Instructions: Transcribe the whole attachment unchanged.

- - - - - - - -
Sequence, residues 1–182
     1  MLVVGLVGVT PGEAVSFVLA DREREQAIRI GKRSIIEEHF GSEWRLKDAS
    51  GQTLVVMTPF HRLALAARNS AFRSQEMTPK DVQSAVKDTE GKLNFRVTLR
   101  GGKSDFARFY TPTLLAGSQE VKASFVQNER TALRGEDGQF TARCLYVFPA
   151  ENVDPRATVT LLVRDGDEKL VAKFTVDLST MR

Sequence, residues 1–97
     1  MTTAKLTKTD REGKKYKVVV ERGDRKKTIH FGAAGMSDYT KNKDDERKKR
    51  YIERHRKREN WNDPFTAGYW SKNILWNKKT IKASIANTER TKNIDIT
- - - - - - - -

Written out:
Sequence, residues 1–182
     1  MLVVGLVGVT PGEAVSFVLA DREREQAIRI GKRSIIEEHF GSEWRLKDAS
    51  GQTLVVMTPF HRLALAARNS AFRSQEMTPK DVQSAVKDTE GKLNFRVTLR
   101  GGKSDFARFY TPTLLAGSQE VKASFVQNER TALRGEDGQF TARCLYVFPA
   151  ENVDPRATVT LLVRDGDEKL VAKFTVDLST MR

Sequence, residues 1–97
     1  MTTAKLTKTD REGKKYKVVV ERGDRKKTIH FGAAGMSDYT KNKDDERKKR
    51  YIERHRKREN WNDPFTAGYW SKNILWNKKT IKASIANTER TKNIDIT